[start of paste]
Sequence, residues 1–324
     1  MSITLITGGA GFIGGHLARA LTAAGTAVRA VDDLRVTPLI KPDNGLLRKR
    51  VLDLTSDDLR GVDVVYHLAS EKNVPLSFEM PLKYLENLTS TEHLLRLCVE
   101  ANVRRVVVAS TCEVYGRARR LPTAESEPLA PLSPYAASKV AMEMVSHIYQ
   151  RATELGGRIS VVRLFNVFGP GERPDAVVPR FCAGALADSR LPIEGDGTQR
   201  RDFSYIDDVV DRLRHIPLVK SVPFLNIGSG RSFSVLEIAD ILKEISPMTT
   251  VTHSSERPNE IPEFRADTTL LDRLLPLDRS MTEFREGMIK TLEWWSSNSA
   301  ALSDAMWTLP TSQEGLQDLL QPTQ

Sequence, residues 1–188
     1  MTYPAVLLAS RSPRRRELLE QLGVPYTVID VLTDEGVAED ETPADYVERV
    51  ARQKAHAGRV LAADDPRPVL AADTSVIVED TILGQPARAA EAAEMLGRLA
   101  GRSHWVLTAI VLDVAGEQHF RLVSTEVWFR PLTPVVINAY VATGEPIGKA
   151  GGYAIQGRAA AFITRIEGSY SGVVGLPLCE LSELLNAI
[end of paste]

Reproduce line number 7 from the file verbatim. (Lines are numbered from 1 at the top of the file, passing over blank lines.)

   251  VTHSSERPNE IPEFRADTTL LDRLLPLDRS MTEFREGMIK TLEWWSSNSA